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Cross Country wireless SDR 4 +

The Receiver

I purchased this receiver in November 2012. I had not had much experience with SDR receivers before other than playing around with some single band Softrock receivers which were loaned to me.

What attracted me to this SDR receiver was the possibility on putting it online so I and others could use it remotely (more of this later).
Anyway a few weeks after ordering the receiver arrived



This is what was in the box 


And of course the receiver itself


You may be able to see in the picture the SDR box has two USB connections. One links to the internal soundcard, one controls the receiver. I tried using a USB hub with the receiver but it didn't seem to like it. Of course that may be a problem with the hub I have rather than anything else. in the end I attached some other peripherals to the hub and connected the receiver directly to the PC. Problems solved!

The receiver comes with a CD which includes the relevant driver files plus a selection of SDR software and some data decoding software.

After installing the software my receiver was up and running. However the performance was poor with images across the bands every 20khz or so. This was due to Windows 7 selecting the wrong soundcard settings (all covered in the SDR4+ setup guide) a quick tweak of the settings and all was well with a vastly improved performance.

The receiver itself covers from 850khz up to 30mhz. If your interested in VLF or an avid medium or long wave listener then obviously it wont be suitable for you. That said on the part of the MW band the receiver covers it seemed very lively and capable of some excellent audio.

On the amateur bands I was very pleased with the performance, I have listened quite extensively on 160, 80 and 40 metres with good results. The receiver also seemed lively on the higher bands when open and I have been able to receive quite a bit of CW on 10 metres.

On the broadcast bands the receiver performed well, some overload was evident at peak times (particularly when using my wire doublet) on the 49 and 41 metre bands where there are some very strong BC stations around.

All in all the receiver was on a par with my main SW receiver the Kenwood R5000. The obvious advantage of the SDR is the easily controllable filters and various noise reducing facilities that are built into the SDR software plus an ability to see 48khz of bandwidth (24khz each side of the signal you tune to).

Given the current cost of the receiver £

169.95 plus shipping. ( $266.82 or 204.28 Euro.) I think this little SDR is a bargain.


Software


There is a large variety of free SDR control software. I have opted to use SDR Radio written by Simon  HB9DRV the author of the well known Ham Radio Deluxe software. The main attraction of this software was its ability to use the internet to remotely control the receiver over the web. For more details see sdrspace.com/.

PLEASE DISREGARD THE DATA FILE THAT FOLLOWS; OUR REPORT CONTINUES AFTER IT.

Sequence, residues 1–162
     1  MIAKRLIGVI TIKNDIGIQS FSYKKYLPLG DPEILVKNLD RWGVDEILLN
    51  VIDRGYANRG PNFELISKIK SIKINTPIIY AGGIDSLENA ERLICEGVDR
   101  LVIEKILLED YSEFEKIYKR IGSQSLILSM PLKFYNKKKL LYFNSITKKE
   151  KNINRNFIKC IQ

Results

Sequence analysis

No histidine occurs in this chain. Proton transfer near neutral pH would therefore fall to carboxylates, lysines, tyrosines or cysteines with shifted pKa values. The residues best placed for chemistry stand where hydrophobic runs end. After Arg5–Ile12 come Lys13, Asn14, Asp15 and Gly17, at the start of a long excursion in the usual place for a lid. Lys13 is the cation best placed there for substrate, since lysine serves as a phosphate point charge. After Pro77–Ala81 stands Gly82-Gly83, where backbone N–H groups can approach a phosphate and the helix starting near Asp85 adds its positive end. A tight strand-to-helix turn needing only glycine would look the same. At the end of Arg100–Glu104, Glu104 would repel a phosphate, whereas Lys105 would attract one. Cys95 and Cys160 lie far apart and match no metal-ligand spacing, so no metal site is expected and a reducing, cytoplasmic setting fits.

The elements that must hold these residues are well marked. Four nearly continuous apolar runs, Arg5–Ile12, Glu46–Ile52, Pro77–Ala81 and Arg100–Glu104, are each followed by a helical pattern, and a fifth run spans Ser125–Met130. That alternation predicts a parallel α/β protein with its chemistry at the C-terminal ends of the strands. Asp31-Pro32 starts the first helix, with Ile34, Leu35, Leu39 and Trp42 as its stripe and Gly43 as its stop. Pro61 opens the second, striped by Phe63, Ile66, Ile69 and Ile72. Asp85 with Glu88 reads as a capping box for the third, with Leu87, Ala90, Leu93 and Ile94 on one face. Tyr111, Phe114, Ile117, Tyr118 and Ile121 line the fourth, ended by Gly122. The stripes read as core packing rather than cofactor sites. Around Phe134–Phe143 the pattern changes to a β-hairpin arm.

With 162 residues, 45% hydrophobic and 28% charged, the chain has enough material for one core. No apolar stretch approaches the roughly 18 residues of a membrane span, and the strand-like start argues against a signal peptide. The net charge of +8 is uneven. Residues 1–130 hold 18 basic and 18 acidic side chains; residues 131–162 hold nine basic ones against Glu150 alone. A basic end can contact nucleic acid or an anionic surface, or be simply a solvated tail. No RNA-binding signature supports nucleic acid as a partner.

Additionally the SDR radio software has a very nice record facility, easy to use quick memory bank and the ability to use Sync AM all of which make for a good broadcast SW receiver.
Also the software has a built in decoder for PSK, RTTY and CW etc which can be used to decode data from the receiver even when you are operating remotely.

However if you are planning to purchase an SDR receiver so you can use it remotely be prepared to struggle with your router and firewall settings and grapple with the murky world of i.p addresses and port forwarding. These are things I knew  virtually nothing about but am having to learn. At times my receiver works perfectly using remote control over the web, sometimes it wont work at all! I am still trying to work out why. Please dont take this as a criticism of the software, it isn't, just a warning that if your not totally computer-savvy it may not be as easy to set up as you think!

Update Jan 2015

Just over two years of owning the SDR4+ and I can report I have been very happy with it. My particular radio has one odd "quirk" however. Inputting a frequency into the software which is out of the receivers range, or simply just Qsying to 10 metres (28mhz) can cause the receiver to lock up and the only thing that can be seen on the waterfall is the "spur" from the soundcard. Once this happens you have to either unplug the USB cables to the receiver and replug them , or reboot the PC. Not too much hardship unless you are operating the receiver remotely as I often do! For this reason I now also run remote connection software (I use LOGMEIN although I think there are many others) so that I can reboot the home pc as well as running other tasks remotely.

The current version of the SDR4+ now covers up to 70Mhz but I believe it still omits the spectrum below 850khz.

All in all however the SDR4+ is an excellent introduction to the world of SDR radio. It does not require a fast PC with  lots of memory. mine has worked well with an old windows XP laptop 1.2ghz cpu with 512mb of ram!
I still run mine alongside my latest sdr acquisition an ELAD FDM S2.
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